The twentieth chapter of Luke contains three different stories of Jesus engaging in debate with religious leaders in Jerusalem. If the chapter were scored like a debate, it is obvious that Jesus wins these contests “running away.” First, they approach him with questions about his authority (Luke 20:2-8), and Jesus trumps their question with one that they cannot (dare not) answer. Second, they try to trap him with a question regarding the legality of paying taxes to Caesar (Luke 20:20-26). Again, Jesus out maneuvers them and they look like fools for trying to trap him with their question. In today’s text the Sadducees take their turn with a trick question, and they too end up with egg on their faces.
Obviously, Jesus was a very smart and quick witted man. He was a skilled debater and more than a match for the religious intellectuals in Jerusalem. In fact, we are told at the close of today’s lesson that “no one dared to ask him any more questions.” If Luke’s purpose in writing this chapter was to show us Jesus as an impressive debater, we could read the passages, shake our pom-poms while shouting “Yea Jesus!” and move on to the next chapter. While many of us enjoy watching Jesus match wits with self-righteous, religious leaders that is not why Luke recorded these stories. Each of these stories communicates something different about Jesus and the kingdom.
In our text today the hapless questioners of Jesus are “Some of the Sadducees, who say there is no resurrection.” The sect of the Sadducees, were predominately the upper-class, wealthy, priestly families living in Jerusalem. They were responsible for the temple and its upkeep, which made them responsible for collecting the temple tax. They were responsible for keeping good relations with the Romans, and for maintaining the temple guards.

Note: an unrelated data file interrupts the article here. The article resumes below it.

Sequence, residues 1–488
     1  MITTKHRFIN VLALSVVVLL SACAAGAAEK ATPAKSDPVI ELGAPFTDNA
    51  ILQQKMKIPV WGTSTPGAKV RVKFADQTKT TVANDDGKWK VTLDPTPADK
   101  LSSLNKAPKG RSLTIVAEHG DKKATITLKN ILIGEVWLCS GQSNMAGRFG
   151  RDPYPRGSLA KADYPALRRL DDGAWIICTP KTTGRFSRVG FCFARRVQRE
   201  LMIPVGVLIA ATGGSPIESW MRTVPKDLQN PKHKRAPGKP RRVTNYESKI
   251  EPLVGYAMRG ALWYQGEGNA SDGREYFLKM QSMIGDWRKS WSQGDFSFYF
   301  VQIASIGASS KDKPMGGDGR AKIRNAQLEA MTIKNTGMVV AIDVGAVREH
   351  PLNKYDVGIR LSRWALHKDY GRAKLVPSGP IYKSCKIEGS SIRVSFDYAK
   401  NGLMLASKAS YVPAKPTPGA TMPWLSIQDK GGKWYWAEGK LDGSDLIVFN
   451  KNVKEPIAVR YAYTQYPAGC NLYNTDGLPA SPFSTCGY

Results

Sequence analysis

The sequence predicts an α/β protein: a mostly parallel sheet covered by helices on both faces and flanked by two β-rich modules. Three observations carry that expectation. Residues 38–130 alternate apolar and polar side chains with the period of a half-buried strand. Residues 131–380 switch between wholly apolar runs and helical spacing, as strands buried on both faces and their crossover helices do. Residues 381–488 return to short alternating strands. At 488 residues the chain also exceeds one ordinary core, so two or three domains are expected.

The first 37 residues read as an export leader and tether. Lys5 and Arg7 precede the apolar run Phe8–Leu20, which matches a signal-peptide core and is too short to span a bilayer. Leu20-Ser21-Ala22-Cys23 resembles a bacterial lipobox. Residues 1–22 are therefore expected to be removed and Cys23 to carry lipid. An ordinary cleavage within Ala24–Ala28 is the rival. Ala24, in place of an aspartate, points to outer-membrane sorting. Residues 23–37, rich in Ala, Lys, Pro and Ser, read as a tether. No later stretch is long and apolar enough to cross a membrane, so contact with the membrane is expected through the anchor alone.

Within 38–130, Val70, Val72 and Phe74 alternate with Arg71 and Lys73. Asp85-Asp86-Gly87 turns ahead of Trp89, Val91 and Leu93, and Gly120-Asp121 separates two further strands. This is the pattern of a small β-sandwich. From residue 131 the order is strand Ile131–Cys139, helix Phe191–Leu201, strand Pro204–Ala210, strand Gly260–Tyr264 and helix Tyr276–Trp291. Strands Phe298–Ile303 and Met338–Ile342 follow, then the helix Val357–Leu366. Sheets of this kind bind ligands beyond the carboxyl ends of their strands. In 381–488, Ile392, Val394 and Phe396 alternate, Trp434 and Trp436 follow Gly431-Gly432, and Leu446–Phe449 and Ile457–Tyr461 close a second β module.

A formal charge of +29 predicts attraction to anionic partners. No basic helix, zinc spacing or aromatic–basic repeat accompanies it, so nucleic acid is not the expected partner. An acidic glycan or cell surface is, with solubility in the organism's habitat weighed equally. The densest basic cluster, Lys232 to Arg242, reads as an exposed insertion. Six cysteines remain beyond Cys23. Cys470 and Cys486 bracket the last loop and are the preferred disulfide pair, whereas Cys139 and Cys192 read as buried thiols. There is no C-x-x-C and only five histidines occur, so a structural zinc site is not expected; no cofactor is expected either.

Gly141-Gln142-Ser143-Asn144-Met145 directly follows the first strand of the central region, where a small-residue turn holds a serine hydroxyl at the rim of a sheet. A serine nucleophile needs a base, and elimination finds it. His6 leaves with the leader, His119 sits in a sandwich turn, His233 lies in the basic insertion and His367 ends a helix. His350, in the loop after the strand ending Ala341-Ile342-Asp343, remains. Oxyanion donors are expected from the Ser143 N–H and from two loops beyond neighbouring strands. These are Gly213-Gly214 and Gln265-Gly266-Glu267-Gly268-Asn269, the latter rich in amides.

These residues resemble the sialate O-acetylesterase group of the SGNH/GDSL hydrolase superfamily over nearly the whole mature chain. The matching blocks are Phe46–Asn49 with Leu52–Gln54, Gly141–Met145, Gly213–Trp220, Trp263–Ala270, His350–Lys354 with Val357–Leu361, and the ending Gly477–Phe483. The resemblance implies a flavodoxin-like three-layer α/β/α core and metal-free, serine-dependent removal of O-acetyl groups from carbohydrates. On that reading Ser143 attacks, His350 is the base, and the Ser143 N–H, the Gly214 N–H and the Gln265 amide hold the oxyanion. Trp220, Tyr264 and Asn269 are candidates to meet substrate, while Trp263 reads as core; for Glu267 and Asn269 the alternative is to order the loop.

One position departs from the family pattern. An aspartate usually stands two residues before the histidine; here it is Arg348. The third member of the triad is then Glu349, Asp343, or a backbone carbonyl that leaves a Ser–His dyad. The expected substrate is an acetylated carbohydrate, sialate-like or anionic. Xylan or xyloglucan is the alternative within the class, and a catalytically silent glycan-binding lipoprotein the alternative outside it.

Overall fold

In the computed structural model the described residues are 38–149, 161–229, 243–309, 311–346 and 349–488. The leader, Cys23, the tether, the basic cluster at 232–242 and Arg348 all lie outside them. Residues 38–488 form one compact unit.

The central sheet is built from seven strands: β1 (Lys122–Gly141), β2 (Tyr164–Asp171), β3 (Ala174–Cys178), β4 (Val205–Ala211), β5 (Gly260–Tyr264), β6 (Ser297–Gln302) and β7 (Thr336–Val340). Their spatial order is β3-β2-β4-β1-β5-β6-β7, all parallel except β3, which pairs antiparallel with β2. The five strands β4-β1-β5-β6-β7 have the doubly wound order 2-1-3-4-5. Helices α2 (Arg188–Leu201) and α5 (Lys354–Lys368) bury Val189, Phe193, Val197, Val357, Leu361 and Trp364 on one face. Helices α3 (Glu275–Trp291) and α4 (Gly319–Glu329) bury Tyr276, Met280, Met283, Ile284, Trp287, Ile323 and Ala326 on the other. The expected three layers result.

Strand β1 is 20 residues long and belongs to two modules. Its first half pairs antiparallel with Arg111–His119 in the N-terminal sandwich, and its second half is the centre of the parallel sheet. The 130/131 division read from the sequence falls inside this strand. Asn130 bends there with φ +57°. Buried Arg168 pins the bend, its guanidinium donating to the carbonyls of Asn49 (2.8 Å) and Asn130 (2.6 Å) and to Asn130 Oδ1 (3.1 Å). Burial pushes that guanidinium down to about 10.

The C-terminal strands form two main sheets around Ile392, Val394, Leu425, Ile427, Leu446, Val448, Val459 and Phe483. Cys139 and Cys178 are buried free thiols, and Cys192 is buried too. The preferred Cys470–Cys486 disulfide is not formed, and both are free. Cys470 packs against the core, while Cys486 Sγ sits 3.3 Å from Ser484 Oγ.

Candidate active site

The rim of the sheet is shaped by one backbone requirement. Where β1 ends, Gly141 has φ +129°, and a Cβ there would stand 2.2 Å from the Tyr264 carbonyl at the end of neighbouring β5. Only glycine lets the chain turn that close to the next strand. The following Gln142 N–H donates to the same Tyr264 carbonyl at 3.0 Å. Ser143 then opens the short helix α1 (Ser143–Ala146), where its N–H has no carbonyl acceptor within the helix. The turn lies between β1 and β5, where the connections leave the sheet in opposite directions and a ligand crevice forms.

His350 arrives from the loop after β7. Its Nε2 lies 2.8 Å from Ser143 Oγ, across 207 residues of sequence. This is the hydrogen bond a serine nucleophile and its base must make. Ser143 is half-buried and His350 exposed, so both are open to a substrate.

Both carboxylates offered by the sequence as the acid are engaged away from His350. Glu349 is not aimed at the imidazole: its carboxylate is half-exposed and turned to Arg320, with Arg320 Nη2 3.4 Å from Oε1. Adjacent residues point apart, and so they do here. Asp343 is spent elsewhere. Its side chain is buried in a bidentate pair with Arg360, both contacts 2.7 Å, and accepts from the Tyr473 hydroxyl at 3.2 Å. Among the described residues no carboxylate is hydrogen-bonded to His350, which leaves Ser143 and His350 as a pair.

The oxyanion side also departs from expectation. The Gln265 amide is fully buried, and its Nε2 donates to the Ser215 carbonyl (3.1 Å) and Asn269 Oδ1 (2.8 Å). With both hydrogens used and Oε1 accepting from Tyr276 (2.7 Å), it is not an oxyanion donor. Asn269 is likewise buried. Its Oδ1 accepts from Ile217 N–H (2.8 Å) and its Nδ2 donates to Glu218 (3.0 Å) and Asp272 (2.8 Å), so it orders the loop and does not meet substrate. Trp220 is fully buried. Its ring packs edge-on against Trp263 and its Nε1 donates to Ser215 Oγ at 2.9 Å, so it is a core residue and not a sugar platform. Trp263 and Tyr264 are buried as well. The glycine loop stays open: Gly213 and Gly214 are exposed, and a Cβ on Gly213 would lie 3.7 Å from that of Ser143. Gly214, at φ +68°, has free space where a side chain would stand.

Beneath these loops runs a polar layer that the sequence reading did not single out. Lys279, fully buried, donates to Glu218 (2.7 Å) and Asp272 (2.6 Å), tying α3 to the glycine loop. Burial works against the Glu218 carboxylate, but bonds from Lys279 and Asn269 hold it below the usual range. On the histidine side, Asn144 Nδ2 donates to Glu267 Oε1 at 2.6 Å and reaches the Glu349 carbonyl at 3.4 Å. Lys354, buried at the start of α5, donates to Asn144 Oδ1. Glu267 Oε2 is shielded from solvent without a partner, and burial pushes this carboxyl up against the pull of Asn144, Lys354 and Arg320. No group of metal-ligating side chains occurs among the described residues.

As a religious group they held very strictly to the Books of Moses (first five books of scripture). The Sadducees held that there were not references in the Books of Moses to resurrection. Therefore, they did not believe in the resurrection of the dead, or an afterlife of reward or punishment. This belief (or lack of belief) reveals their question as a planned trap. (For more information on the background of their question see “Whose Wife?” 6/15/2011.) There are those of us who find the history of first century Jewish sects fascinating but this is not why Luke included this story.
As a minister I have performed my fair share of weddings, and as a father of five daughters I have suffered through weddings and plans for weddings. This text is full of weddings. We tend to view weddings in light of romantic love. In weddings people pledge their lifelong love for one another. Many pledge their love to last through all eternity. And while love most certainly abides, Jesus makes it clear that the sons and daughters of the kingdom are not given in marriage. While this seems to be a blow against eternal romance, Luke did not record this story to teach us anything about marriage.
So, why did Luke record this exchange between the Sadducees and Jesus? Luke shares this story from Jesus’ ministry in order to emphasis the good news message of the reality of the resurrection. Jesus makes it clear that teachings and evidences of this part of God’s plan for us have always been there, even in the teachings of Moses. Jesus points out that the truth of the resurrection has to do with the very nature of God Himself. Jesus says that “He is not the God of the dead, but of the living, for to him all are alive.”
In Exodus 3:6 God introduces Himself to Moses by saying, “I am the God of your father, the God of Abraham, the God of Isaac and the God of Jacob.” Jesus tells us that Moses’ father, Abraham, Isaac and Jacob still exist in the presence of God. Everything is cast in the present tense including the name of God, which is given eight verses later as “I AM.” For God, it is as if death does not even exist.
Luke records this story for us in order that we too might come to the realization that “I AM” is the God of the living! He is the God of Rachael, Ralph, Andy and Harold. He is the God of Bob, Beatrice, Lloyd and Jack. He is the God of everyone whom we have loved and lost. They are all alive in His presence. And when our last day shall come, He will continue to be our God as well!
Considered one of New Zealand’s most famous artists, Colin McCahon (1919-1987) interjected his spiritual intensity into his works. This painting is titled, “I AM.”